When we were motorcycle-shopping, Jon jokingly threatened to buy me a bike with training wheels—though he then reassured me that he wouldn’t humiliate me like that. I think the issue goes deeper than avoiding humiliation, though—what I need most is to build the gut-level confidence that the bike will, indeed, stay upright even without Jon on the front. And that confidence wouldn’t start growing with training wheels in place.
In a sense, passenger-ing behind Jon has been my “training-wheels” course in motorcycling… I’m SO comfortable when he’s in front of me, and I have absolute confidence in his control of the bike. When I’m his passenger, I’m utterly at ease on a motorcycle.
In my solo parking-lot ventures, it’s that confidence that was wholly lacking the first time I got on the bike by myself. It’s that confidence that I’m building. I’m overcoming my illogical expectation that the bike is somehow going to suddenly fling herself to the ground!
Last week I was pretty much walking her around the parking lot in first gear, working on getting comfortable with the friction-point on the clutch, and with the balance and weight of her being mine to handle. Last night I graduated to wide, slow circles around the parking lot, with my feet mostly picked up—so that’s some serious progress in my comfort-level. (Jon jogged alongside calling encouragement to me, just like my grandpa did when I was learning to ride bicycle.)
After my lesson in the church parking lot, we went inside for a meeting of Alcoholics Victorious, which is a Christian variation of A.A. It’s an open meeting, meaning that non-alcoholics (like Jon) are welcome. It’s a meeting that ditches the “God-as-you-understand-him” approach of A.A. and acknowledges that those of us in attendance believe in God of the Christian Bible. Our pastor leads the meeting, we enjoy amazing prayer together, and since we started attending a few months ago, Jon and I haven’t missed a meeting.
Last night’s discussion centered on accountability to other people, as it relates to staying Sober. I think it’s true across the board that honesty is essential to Sobriety—if we keep our dark secrets to ourselves, they control us. I’m Blessed to have a built-in “accountability partner” in Jon, whom I could never fool when I’d had a drink. And in a sense, accountability-to-Jon has been a sort of training-wheels program to investing directly in accountability to God.
I didn’t use to bother myself with worrying about God’s opinion of me; you could say I abused his forgiving nature by knowing in advance that I’d get forgiven yet again. (I abused Jon’s forgiveness in the same way for a year—I’d go a month or more Sober, and then I’d drink again. But the combination—in his eyes, on those occasions—of disappointment, fear, and anger did get to me, even though it was followed every time by forgiveness… and more days than not, it proved the deterrent that kept me from another drink.)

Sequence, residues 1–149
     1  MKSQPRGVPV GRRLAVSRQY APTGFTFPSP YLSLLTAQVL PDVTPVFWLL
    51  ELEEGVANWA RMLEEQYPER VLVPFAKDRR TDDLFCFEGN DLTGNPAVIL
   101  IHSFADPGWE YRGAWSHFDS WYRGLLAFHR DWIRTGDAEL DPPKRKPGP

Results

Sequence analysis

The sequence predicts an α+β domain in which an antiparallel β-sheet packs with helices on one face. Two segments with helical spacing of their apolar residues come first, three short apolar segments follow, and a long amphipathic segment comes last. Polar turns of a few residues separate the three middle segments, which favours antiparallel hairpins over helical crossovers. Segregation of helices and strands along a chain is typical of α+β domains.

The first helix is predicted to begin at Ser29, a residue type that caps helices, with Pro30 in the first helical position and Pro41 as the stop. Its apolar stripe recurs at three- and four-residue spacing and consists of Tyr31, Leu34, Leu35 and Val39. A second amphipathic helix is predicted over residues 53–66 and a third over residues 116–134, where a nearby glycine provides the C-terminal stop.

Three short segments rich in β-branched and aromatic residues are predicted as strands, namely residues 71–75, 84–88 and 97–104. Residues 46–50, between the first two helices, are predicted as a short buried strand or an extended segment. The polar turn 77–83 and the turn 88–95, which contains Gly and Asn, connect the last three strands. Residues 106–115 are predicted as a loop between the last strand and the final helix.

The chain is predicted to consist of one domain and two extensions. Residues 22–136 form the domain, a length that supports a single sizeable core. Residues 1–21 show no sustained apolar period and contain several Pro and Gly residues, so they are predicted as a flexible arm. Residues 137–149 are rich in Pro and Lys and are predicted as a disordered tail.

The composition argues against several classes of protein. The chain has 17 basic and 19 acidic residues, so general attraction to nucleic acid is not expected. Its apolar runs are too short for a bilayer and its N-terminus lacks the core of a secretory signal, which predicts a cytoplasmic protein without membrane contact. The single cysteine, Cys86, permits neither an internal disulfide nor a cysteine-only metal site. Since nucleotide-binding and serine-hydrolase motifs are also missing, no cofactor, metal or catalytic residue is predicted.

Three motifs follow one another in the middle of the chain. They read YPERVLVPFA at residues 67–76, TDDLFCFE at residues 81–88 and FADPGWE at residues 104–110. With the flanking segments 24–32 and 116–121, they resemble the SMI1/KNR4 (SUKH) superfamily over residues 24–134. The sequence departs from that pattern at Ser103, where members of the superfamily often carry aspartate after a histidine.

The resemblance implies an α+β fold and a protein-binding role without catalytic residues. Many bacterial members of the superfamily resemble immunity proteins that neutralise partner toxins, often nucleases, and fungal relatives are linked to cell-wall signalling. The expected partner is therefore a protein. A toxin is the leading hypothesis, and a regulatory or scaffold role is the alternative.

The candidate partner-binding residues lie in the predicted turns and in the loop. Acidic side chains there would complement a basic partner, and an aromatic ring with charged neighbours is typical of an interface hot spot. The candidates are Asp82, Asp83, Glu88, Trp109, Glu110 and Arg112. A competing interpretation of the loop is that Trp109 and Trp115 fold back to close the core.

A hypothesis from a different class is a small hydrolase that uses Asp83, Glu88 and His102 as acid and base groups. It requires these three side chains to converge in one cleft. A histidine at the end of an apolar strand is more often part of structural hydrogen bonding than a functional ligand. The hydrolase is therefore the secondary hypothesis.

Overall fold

I’ve been seriously growing my relationship with God over the last half-year (more than five months continuously Sober) and it’s his disappointment that deters me now, in the increasingly-rare moments when I need a deterrent. I’ve been growing in my prayer-life, and most days the thought of a drink isn’t even crossing my mind.
Jon helped me take off the training wheels in that area of my life as well. We pray together at least a couple times a day, and have been doing so since we started dating—he used to call me at bedtime so we could share a prayer before turning in. For a long time he did the praying, and I was merely the “passenger” to his prayers. But he started pushing me to say the prayers—and you wouldn’t believe how much I fussed and resisted! I couldn’t even say why; it shouldn’t seem difficult with an audience of just God-and-husband… But he persisted and insisted, and I started offering some of our prayers. To my surprise, my personal prayer-life took off as well.
God has always been there with me—I know that hasn’t changed. But life is infinitely sweeter when I’m living in the constant awareness of his presence in my life. I still have so far to go (to grow)… but I’m retiring the training wheels!